*shrug*

Just spit-balling again but is it making them better "men" or simply making them better adults and citizens? Is there something inherently masculine about BSA skills? I don't think so. Maybe 100 years ago but not today. Every kid wants to become a better leader, citizen, and family member. BSA offers something that apparently both genders crave. That IS A GOOD THING. Doesn't mean it can't get better but I would think BSA is at least doing something correctly if girls and parents of girls are fighting so hard to be a part of it. 

*Shrug*

Nailed it. Thank you for this well-worded response. 

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2 hours ago, The Latin Scot said:

As for the idea of Scouting focusing on "leadership training and character development," and those being "gender-neutral" (never one of my favorite terms) -you will find after reading through Scouting's published materials over the years that those have been pushed and emphasized far more now in the past two decades than they ever were before. Yes, they were always a part of it, but you are failing to recognize that the very idea of Scouting, the core of its foundation and the center of all its facets, was the idea that boys are different from girls, with a greater need for active, adventurous learning, and that society lacks, indeed, desperately needs, a channel through which restless boys could learn the skills and knowledge they need to become strong, intelligent, honorable men... 

...If you do not understand the central place masculine development has in Scouting, and the massive importance it had to Baden-Powell, Daniel Carter Beard, William Hillcourt, Earnest Thompson Seaton, and all the early founders of Scouting, then you do not understand what Scouting was meant to accomplish...

If character development wasn't so important back then, why was it one of BP's four aims of Scouting? In his own words from his published works (I own most of them, or reprints at least), those four aims were "... Character and Intelligence, Handcraft and Skill, Health and Strength, Service for others and Citizenship."

I've read those books and your assertion that developing boys into honorable men was such a prominent feature of his philosophy seems like your own unique interpretation of his writings. He did reference knights and gentlemanly behaviors, so one could argue that he wanted his scouts to develop attributes of knights and live similarly chivalrous lives, but that was secondary to his primary aims.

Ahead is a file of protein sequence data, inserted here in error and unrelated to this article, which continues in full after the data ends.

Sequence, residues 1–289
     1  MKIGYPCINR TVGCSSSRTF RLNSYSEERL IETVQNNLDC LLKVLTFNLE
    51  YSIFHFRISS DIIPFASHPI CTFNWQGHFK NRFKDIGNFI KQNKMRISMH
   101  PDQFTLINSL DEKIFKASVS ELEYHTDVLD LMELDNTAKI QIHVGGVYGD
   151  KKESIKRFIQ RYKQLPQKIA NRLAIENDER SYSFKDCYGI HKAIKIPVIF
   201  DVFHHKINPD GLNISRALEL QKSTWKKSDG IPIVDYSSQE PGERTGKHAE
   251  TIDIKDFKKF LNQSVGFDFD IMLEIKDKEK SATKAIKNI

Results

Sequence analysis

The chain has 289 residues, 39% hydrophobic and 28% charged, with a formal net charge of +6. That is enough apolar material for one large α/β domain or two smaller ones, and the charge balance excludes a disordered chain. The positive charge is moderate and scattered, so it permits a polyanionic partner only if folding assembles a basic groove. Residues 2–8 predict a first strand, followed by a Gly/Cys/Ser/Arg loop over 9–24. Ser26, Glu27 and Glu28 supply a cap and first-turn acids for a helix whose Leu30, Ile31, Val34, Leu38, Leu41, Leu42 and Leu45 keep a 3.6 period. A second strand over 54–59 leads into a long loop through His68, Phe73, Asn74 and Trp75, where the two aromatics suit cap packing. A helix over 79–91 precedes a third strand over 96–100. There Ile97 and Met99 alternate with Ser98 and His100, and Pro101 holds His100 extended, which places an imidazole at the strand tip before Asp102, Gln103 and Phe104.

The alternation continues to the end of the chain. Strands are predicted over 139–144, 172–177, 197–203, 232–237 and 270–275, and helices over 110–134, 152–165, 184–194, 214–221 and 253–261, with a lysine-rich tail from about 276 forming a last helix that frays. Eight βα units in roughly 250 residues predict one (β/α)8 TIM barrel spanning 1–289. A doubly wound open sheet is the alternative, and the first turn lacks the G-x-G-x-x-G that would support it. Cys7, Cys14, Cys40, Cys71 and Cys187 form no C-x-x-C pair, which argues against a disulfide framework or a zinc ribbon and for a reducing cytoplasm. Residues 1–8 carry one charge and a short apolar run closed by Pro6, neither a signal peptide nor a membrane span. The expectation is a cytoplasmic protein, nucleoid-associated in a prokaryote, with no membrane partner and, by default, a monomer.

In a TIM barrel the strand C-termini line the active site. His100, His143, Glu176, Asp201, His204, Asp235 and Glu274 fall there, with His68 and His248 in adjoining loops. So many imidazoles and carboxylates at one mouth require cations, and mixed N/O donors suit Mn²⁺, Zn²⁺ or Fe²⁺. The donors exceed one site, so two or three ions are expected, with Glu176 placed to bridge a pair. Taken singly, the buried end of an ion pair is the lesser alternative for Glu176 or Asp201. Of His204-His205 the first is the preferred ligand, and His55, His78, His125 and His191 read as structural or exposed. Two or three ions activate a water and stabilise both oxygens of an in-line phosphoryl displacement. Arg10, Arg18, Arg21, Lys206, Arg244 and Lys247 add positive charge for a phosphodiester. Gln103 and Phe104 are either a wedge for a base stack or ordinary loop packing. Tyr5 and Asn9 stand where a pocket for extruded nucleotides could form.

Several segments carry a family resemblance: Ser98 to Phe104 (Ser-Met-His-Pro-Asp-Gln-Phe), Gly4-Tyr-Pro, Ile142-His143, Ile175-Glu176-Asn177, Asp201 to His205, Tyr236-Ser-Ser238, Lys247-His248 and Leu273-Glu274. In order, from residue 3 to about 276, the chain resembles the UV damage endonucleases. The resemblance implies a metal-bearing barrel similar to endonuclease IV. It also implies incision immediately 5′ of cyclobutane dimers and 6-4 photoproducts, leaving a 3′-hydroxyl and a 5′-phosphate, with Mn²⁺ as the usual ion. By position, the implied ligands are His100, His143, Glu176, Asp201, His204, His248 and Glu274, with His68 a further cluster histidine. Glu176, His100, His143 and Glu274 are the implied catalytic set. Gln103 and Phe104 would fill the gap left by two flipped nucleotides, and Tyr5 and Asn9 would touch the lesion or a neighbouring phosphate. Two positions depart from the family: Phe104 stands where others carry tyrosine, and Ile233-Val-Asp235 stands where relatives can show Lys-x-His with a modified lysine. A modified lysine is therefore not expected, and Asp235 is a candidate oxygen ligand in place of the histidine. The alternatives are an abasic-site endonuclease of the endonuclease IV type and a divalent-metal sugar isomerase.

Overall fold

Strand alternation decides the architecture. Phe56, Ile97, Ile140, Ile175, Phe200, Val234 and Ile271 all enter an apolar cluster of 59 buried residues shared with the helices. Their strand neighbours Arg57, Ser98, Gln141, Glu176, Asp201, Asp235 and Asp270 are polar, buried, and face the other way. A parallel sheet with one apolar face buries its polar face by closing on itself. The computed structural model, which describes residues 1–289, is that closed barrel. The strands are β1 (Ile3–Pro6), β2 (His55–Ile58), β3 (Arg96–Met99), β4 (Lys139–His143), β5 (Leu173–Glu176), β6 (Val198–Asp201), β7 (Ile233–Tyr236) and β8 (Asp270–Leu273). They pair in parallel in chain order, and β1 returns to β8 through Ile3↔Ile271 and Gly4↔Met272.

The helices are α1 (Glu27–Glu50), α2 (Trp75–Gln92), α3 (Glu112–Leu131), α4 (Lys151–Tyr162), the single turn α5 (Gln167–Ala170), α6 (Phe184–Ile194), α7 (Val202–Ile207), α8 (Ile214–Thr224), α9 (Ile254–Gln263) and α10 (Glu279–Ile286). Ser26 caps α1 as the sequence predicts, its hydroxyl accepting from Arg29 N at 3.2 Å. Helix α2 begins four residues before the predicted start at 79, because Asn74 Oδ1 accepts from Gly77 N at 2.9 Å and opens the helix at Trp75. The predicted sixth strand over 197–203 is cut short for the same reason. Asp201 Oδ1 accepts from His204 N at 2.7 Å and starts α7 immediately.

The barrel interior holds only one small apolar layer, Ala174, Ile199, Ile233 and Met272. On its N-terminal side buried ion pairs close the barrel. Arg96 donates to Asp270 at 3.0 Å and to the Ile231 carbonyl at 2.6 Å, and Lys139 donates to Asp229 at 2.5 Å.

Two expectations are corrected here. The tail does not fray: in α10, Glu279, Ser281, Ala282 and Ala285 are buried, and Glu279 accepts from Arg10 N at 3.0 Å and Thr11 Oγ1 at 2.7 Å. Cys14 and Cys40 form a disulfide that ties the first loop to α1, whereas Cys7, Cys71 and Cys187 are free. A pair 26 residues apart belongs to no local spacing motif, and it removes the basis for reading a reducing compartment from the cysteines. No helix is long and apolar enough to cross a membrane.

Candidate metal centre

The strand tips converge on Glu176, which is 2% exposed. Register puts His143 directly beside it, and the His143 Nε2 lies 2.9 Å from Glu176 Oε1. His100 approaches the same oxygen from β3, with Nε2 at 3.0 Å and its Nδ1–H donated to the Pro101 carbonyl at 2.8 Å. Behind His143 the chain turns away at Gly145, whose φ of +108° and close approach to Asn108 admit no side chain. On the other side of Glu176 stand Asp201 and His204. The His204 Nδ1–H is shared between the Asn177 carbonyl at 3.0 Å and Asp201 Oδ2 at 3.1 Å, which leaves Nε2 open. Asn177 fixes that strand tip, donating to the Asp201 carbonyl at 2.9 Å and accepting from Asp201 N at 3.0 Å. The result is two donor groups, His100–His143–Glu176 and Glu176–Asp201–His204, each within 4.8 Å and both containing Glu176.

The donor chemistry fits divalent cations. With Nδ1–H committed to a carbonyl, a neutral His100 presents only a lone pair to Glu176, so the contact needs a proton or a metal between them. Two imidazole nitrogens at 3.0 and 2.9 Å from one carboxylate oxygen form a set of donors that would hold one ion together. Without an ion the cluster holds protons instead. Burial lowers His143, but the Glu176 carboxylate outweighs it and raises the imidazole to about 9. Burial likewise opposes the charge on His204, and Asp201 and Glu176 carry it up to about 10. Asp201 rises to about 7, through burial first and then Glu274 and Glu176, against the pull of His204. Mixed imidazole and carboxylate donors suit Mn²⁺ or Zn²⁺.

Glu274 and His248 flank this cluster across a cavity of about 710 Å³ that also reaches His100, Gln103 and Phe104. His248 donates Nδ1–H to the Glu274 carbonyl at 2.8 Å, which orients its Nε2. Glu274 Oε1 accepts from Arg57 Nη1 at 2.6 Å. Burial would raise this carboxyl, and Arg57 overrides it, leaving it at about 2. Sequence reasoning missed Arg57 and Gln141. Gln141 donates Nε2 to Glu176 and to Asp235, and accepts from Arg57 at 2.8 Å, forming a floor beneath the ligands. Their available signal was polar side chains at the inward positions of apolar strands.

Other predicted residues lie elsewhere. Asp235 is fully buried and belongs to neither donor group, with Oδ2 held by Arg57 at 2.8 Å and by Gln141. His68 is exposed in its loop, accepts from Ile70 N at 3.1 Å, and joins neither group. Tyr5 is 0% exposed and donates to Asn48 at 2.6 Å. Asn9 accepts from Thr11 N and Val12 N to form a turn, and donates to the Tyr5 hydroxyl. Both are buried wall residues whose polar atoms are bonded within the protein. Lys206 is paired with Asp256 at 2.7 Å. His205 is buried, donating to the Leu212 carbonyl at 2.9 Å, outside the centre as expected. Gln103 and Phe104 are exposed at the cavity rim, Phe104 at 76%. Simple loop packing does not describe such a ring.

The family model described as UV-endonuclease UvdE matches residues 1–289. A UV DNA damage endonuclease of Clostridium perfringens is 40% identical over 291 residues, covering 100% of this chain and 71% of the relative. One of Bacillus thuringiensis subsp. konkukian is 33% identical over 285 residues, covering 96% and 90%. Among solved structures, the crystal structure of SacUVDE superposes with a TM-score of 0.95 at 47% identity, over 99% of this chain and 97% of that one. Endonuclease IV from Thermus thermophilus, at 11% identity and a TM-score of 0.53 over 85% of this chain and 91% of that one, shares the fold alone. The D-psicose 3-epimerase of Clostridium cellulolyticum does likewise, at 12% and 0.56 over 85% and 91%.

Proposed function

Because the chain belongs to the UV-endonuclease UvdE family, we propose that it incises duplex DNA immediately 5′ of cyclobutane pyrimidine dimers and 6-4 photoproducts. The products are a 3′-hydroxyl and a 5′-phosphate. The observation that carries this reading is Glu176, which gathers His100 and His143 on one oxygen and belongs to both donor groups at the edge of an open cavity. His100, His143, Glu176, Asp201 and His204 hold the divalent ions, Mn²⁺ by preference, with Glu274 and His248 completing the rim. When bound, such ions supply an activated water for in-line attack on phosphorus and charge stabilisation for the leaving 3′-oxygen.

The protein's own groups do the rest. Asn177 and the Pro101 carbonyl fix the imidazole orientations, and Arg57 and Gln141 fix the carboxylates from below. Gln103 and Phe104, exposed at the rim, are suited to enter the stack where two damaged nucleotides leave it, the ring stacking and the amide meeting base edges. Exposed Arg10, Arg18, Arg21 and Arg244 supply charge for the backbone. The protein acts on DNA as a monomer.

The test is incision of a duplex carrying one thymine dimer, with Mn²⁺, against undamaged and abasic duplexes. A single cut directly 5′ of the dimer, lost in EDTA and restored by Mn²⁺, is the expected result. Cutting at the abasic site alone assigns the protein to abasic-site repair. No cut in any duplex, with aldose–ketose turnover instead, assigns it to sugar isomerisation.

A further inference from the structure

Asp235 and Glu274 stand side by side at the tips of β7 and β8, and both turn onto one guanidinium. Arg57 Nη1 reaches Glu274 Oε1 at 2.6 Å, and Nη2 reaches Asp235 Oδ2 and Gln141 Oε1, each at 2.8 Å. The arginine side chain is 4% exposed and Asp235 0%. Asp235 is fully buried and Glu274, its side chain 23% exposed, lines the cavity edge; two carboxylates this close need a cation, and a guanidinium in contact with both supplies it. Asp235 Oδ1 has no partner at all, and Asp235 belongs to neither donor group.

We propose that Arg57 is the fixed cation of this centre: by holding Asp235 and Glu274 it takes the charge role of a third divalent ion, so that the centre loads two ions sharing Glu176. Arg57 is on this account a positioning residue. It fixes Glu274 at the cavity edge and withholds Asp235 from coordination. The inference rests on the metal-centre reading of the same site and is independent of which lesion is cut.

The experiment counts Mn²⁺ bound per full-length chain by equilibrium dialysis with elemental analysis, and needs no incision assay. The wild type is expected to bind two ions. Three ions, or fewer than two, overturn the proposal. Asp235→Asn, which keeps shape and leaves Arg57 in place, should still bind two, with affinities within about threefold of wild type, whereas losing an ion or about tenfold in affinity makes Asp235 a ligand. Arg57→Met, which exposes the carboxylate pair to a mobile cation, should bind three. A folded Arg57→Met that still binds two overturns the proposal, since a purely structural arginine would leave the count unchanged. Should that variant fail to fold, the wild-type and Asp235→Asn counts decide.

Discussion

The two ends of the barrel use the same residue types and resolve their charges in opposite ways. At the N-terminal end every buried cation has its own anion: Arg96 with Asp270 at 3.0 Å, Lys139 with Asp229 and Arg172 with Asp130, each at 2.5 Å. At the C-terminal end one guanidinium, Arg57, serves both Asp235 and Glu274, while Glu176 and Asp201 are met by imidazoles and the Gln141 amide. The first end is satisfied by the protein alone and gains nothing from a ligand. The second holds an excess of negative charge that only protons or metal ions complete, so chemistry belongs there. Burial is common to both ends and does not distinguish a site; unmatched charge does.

I fully understand what Scouting was meant to accomplish. Do you? 

Edited by EmberMike

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Yes I do. Just as much as you do in fact, and your question, while rhetorical I assume, brings out an important point that must be made.

It is a bit condescending to imply that, if one really knew BP's writings (as you do), he would come to different conclusions than the ones I have drawn. You imply that you must have a broader knowledge of his works than I do. However, I have also read nearly all his writings available in the US, and a few still found only in Britain, so I'm afraid your attempt to undermine my comments by labeling them as "unique interpretations" cannot be based on a greater familiarity with his writings, nor on any other evident advantage of intellect or literacy - so it can only be based on the fact that you disagree, and so you want to dismantle the conclusions of my post by trying to show a superior understanding of the Scouting program than mine, made through a suggestion that what I got out of his works really wasn't important - it's really just knights and such, nothing important. Unfortunately that is not so. 

I have also read every edition of the Scouting Handbook (all of which I own), all of William Hillcourts writings, decades of manuals and fieldbooks and magazines and articles - yes, I understand what Scouting was meant to accomplish every bit as much as you do. 

And we disagree. And - that's okay, There will always be differences of opinion. But before we can find a place of accord where we can more forward, we have to find where we agree.

You did not, for example, seem to have read my post very carefully. I never said character was not important in the early days. I said that it has been emphasized far more now than it was before - and that has always been a changing feature of the program. For a few early decades the push was all about the outdoors and woodcraft (a term we never hear in Scouting anymore). Then there was a period where it seemed citizenship was the holy center of all things Scouting (oh those heady WWII years), and in the 70's there was that odd attempt to focus on skills of Scouting instead of the aims of Scouting. During all periods, the same things are taught and the same virtues are extolled, but with each new generation different aspects of Scouting seemed to capture the wants and needs of families.These days it's leadership and character development. But in the earliest days, frankly, much of it was "making boys into better men."